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Natural gas supplies 32% of all primary energy in the United States, its share of electricity generation having nearly doubled from 2008 to 2021. The cross-country natural gas pipeline system used to be powered mainly by natural gas, but has switched in places to electric power.

The natural gas pipeline system has generally been much more reliable than the electric power system. The dependence on electricity has created a vulnerability during hurricanes, winter storms, and other events that can take out electric power, since lack of natural gas may in turn cause fuel shortages at gas-powered electric generators. Gas-electric interdependencies have contributed to several major electric system emergencies due to gas shortages at times of high electric load, including a Texas 2021 event that led to more than 200 deaths.

In new research, Carnegie Mellon researchers investigated the vulnerability of electric power generation to electric outages at U.S. pipeline compressor stations. They found that about 10% of such stations are electric, and thus vulnerable to electric power outages, and they suggest steps to address the potential for hazards.

“The North American Electric Reliability Corporation has stated that addressing gas-electric interdependency risks is a top priority that requires immediate attention,” notes Sean Smillie, a doctoral candidate in engineering and public policy who led a study published in The Electricity Journal. “But due in part to the lack of regulatory oversight of the gas transmission system, the extent of reliance on electric compressors and the potential consequences of failure was not well understood,” said Smillie.

Natural gas pipelines use both gas- and electric-powered compressor units. Electrically-powered compressor stations on natural gas transmission pipelines have been identified as a possible contributor to gas shortages. Electrically-dependent stations are vulnerable to electric outages during these events, and their loss could cause downstream losses of gas-fired electric generators.

Compressor stations typically have enough backup power on site for auxiliary demands (e.g., control systems, lighting, cooling fans), but electrically-driven compressors are usually too large for practical on-site backup. Therefore, an electric outage to a compressor station—an event that is quite possible during hurricanes or other similar events—could take all on-site electric compressor units out of service.

In what the authors say is the first rigorous effort to identify the number of U.S. electric compressor stations, they examined data from 2008 to 2020 on nearly 1,500 stations or substations. Of these, they determined that approximately 10% are electric, with several large pipelines vulnerable to electric outages. California, the Midwest, the Gulf Coast, and the East have high levels of installed electric compressor capacity. Hydraulic models they developed, verified by past events, show that disrupting power to a single pipeline compressor station can force a loss greater than two gigawatts of downstream gas generators, about double the size of a large nuclear generation unit.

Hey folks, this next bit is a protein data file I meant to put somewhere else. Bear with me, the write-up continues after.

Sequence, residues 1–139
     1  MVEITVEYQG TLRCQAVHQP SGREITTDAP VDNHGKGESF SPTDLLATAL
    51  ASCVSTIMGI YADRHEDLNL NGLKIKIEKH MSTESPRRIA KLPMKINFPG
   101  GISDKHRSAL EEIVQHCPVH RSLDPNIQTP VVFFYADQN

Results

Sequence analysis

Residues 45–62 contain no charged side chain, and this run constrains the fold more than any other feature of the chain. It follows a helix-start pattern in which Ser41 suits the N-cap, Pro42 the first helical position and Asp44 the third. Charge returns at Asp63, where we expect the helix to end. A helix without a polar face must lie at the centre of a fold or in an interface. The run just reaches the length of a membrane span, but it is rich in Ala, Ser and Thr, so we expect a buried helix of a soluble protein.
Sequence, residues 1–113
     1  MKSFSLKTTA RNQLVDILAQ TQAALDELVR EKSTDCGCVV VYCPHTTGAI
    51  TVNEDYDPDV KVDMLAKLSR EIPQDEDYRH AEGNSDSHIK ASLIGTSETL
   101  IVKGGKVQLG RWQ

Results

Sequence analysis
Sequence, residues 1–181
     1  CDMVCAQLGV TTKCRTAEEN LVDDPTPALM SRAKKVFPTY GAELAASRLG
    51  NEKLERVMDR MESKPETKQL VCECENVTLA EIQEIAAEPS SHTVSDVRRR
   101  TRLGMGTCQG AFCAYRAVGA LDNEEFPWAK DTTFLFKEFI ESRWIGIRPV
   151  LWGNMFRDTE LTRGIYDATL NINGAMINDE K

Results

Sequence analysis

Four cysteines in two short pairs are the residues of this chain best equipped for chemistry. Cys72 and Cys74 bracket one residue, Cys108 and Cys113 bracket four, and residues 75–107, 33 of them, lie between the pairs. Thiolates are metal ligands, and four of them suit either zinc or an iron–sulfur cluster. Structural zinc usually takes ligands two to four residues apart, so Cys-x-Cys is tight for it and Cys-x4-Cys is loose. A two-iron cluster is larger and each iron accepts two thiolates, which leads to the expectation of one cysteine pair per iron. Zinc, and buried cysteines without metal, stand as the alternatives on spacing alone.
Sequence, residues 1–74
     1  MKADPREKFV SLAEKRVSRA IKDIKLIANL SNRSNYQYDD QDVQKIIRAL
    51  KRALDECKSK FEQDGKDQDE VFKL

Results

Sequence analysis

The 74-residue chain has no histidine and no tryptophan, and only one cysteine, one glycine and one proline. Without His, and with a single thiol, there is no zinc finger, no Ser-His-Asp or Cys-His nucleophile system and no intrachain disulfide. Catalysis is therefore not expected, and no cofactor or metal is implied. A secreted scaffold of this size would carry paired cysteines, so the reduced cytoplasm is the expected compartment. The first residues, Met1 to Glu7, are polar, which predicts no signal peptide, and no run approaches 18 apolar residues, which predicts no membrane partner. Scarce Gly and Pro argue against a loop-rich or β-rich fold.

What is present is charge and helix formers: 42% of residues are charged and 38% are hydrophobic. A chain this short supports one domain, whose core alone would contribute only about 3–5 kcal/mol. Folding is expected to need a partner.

During times of high gas demand, electric outages that disable compressors at these stations can significantly reduce gas available to downstream generating stations.

M. Granger Morgan, Professor, Engineering and Public Policy

“During times of high gas demand, electric outages that disable compressors at these stations can significantly reduce gas available to downstream generating stations,” explains M. Granger Morgan, a professor of engineering and public policy who coauthored the study. “In some cases, the resulting outages could be as large as or larger than the most severe single-cause failure currently considered in electric reliability planning.”

Morgan has chaired three committees of the National Academies of Sciences, Engineering, and Medicine (NASEM) on the electrical grid.

Based on their findings, the authors suggest that electric utilities should immediately incorporate the identified facilities into critical facility lists. The authors’ findings support the recommendations of a recent study by the National Academies of Sciences, Engineering, and Medicine.

“In contrast to well-established reliability reporting and standards for the electrical system, the gas system has almost no reliability transparency or oversight,” says study co-author Jay Apt, an emeritus professor of engineering and public policy and business. “Establishing a federal gas reliability organization, comparable to what is now done for electric power, could improve gas reliability by establishing appropriate reliability reporting, incident investigation, and minimum industry standards.”

This research was supported in part by the Carnegie Mellon Electricity Industry Center and in part by the Carnegie Mellon Climate and Energy Decision Making Center, formed through a cooperative agreement between the National Science Foundation and CMU.